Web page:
The changes summarized above are amendments to California Labor Code section 98.4 made by California Senate Bill 1384 found here.
Claimants Gain More Time to File Claims with the Labor Commissioner
The time in which claimants will have to file claims with the California Labor Commissioner for having been “discharged or otherwise discriminated against in violation of any law” under the Commissioner’s jurisdiction is extended from six months to one year effective January 1, 2021. As a consequence, in some number of cases, employers will not receive notice of such claims and their need to garner evidence for a longer period after the firing or other adverse action.
The extension of time is an amendment to California Labor Code section 98.7 that authorizes, in brief, the Commissioner to investigate such claims and file suit against the employer for relief including reinstatement. The amendment is made by California Assembly Bill 1947 found here.
The Sleeper! Successor Businesses will Face Liability for Unpaid Wage and Hour Judgments
Come January 1, 2021, businesses that take over the facilities, workforce, management or other features of an earlier business, or retain managers or owners from the earlier business, “shall be liable for any wages, damages, and penalties owed to any of the (earlier business’s) former workforce” pursuant to a final judgment, along with the earlier business remaining liable, as well, on the judgment. This new statute has received little or no public attention from other leading California employment defense practices. I am confident, however, that this development will prove to be enormously important.
Under the new statute, a second business is a “successor” to the earlier business (the “judgment debtor”) and will be subjected to liability on wage and hour judgments against the earlier business where the successor:
- “Uses substantially the same facilities or substantially the same workforce to offer substantially the same services” as the judgment debtor.
- “Has substantially the same owners or managers that control the labor relations as the judgment debtor.”
- “Employs as a managing agent any person who directly controlled the wages, hours, or working conditions of the affected workforce of the judgment debtor.”
4. “Operates a business in the same industry and the business has an owner, partner, officer, or director who is an immediate family member of any owner, partner, officer, or director of the judgment debtor.”
To be clear, this means that the successor business will be liable on a judgment entered in a lawsuit in which the successor was not a defendant and did not have the opportunity to defend itself. The new provision is obviously intended to prevent employers from avoiding liability for wage and hour violations by transferring the business operation into another corporation, selling the assets of the business, passing the business off to a family member, etc.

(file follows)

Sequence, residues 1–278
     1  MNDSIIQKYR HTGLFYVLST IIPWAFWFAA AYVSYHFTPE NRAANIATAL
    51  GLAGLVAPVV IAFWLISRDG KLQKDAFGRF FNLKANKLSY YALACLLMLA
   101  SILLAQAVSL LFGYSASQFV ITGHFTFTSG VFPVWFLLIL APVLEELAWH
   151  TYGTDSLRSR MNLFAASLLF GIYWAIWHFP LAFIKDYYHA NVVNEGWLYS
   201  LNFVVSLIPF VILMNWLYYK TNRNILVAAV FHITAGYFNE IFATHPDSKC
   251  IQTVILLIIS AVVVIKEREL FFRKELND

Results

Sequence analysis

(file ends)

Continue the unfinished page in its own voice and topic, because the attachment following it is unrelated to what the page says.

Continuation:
For businesses that may have been inclined to consider such transfers, the new statute may, first, dissuade them and, secondly, influence how they defend and, potentially, resolve significant wage and hour lawsuits.
In transactions involving the purchase and sale of businesses or their assets, the new statute will make all the more critical conducting exhaustive due diligence in order to ensure the prospective buyer identifies all wage and hour judgments against the prospective seller and resolving the liabilities before purchasing the seller’s assets.
The statute is new California Labor Code section 200.3, which is added by Assembly Bill 3075 found here.
The Trap! Expansion of the California Family Rights Act
The California Family Rights Act (CFRA) will expand in respects of historic magnitude effective January 1, 2021. Employers large and small are at risk of not keeping up with the changes and finding themselves in litigation.
CFRA provides eligible employees up to 12 weeks of job-protected, unpaid family care and medical leave each 12 months. Effective January 1, private sector employers with as few as five employees will be subject to CFRA, as opposed to CFRA applying to only employers of 50 or more employees as has been the law. Smaller employers are at risk of not fully understanding the scope and intricacy of their new obligations before the changes take effect.
CFRA will also require that eligible employees be given leave to care for ill grandparents, grandchildren and siblings for the first time as of January 1.
A more thorough explanation of the changes coming to CFRA effective with the New Year is provided in my post found here.
Being aware of simply the upcoming changes in California employment law is one thing. Appreciating how those changes should influence risk assessment and strategy in litigation is a different dimension. I hope these illustrations are helpful as you prepare for the New Year.